New Year’s Songs: Dougie MacLean, “Auld Lang Syne” in Scots and English by Robert Burns
Or at least, close to the original Scots as we can get. There are several versions of this song in Scots, English, colloquial English of the 18th century, colloquial English of the 20th century, and on and on. They tried to take Scots away from the Scots just as they tried to take away Gaelic from the Irish. (Black folks, does that sound familiar?)
Auld Lang Syne is a Scots poem written by Robert Burns in 1788 and set to the tune of a traditional folk song (Roud # 6294). It is well known in many English-speaking (and other) countries and is often sung to celebrate the start of the New Year at the stroke of midnight. By extension, its use has also become common at funerals, graduations, and as a farewell or ending to other occasions.
The song’s Scots title may be translated into English literally as “old long since”, or more idiomatically, “long long ago”, “days gone by” or “old times”. Consequently “For auld lang syne”, as it appears in the first line of the chorus, is loosely translated as “for (the sake of) old times”.
Burns said that he transcribed the poem from an old man, and eventually sent it along to the Scots Musical Museum, which was responsible for compiling the first volume of Scottish folk music and songs in the late 18th century. By that time, the Scottish people were a conquered people, after revolting several times on behalf of the Stuarts/Stewarts who had been kicked out as kings in England, and against English rule and taxation. The compilation was to set out and continue a cultural, national identity despite being colonized. Of course, the poet put his own stamp—-or words—-to these old lyrics. As for the music, “The tune to which “Auld Lang Syne” is now commonly sung is a pentatonic Scots folk melody, probably originally a sprightly dance in a much quicker tempo.”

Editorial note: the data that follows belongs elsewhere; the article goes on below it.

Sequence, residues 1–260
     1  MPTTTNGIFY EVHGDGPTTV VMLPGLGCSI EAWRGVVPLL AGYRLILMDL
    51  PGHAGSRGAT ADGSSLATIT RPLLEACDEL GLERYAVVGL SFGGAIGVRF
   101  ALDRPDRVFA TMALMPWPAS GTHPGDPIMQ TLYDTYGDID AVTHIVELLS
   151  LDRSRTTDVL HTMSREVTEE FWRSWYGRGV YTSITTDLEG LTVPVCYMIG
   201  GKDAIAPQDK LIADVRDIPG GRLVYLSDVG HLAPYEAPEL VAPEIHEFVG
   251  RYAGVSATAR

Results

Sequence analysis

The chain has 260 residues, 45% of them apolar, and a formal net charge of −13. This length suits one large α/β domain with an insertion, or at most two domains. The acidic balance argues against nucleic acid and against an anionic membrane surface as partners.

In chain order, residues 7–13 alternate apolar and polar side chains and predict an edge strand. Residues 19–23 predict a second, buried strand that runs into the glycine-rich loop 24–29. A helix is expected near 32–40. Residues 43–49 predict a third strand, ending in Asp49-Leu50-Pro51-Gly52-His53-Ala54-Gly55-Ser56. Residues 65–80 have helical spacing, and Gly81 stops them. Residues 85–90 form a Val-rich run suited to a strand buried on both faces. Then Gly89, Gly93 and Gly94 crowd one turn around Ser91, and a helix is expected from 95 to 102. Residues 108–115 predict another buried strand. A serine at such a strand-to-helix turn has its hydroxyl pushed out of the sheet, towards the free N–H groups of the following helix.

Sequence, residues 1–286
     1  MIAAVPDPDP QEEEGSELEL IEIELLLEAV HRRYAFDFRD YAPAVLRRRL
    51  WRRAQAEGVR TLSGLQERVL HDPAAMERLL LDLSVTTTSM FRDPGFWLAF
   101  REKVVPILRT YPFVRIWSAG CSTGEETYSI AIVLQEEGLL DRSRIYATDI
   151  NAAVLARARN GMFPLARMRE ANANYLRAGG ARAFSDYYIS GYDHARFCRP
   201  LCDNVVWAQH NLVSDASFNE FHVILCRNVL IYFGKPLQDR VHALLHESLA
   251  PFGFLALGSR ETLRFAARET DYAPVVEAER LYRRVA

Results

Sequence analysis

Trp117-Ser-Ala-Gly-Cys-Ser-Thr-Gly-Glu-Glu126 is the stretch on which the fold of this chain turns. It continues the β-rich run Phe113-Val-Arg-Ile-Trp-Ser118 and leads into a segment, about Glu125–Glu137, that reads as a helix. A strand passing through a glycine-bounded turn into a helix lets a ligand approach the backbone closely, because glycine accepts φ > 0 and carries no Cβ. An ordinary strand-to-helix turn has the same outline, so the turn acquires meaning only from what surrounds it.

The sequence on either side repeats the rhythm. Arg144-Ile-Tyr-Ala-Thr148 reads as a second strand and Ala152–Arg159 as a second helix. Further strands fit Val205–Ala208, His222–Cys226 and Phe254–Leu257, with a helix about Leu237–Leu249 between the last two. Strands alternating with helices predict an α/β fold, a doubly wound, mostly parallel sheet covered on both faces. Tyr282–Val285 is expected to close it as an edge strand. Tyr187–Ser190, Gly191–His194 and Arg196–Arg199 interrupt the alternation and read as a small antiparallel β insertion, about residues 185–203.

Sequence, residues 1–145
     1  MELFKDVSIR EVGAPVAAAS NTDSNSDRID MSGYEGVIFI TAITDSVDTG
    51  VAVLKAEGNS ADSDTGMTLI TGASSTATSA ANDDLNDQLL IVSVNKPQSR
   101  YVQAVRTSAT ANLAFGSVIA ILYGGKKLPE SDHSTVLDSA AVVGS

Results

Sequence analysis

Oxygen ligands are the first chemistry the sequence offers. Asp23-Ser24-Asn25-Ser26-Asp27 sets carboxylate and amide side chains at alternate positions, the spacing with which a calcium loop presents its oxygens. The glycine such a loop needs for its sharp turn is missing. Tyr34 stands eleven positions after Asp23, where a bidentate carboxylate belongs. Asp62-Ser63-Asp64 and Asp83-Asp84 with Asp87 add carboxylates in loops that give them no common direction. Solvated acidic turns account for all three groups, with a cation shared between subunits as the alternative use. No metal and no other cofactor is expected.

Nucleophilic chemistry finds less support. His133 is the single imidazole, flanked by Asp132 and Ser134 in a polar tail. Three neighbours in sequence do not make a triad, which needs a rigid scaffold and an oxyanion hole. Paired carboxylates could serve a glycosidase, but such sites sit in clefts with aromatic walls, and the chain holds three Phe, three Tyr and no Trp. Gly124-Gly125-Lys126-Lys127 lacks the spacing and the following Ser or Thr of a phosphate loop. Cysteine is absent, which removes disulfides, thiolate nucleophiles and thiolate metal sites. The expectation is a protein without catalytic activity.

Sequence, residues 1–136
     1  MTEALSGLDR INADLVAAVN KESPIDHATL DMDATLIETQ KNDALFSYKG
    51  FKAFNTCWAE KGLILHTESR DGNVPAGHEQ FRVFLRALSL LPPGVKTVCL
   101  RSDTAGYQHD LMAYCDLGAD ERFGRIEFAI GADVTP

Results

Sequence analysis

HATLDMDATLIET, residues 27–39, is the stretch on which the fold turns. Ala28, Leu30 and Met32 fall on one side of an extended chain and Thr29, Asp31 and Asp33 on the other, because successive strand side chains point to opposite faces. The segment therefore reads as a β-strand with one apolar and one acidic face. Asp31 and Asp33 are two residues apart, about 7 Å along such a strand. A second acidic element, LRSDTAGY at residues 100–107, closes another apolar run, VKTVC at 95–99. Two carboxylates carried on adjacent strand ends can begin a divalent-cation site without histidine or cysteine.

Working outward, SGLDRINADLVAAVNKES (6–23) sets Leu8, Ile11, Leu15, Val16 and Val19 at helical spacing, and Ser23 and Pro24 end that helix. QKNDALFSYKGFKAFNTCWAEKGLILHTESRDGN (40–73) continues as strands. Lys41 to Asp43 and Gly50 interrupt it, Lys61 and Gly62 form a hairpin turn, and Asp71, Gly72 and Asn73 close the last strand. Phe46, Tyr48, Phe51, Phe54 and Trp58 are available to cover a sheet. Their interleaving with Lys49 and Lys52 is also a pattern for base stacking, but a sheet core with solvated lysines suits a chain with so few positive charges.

The New Year came when I was asleep. I changed my mind about drinking in the New Year; just got too tired. Didn’t hear much cacaphony my way, although there is a bar-restaurant next door and also down the street. Hope you did your thing last night, loudly or softly and especially safely. Happy New Year. It’s 2011. A do-over.
- What Does Auld Lang Syne Mean And Why Do We Sing It On New Years Eve? (larryfire.wordpress.com)
- Should auld acquaintance (and sources) be forgot (smh.com.au)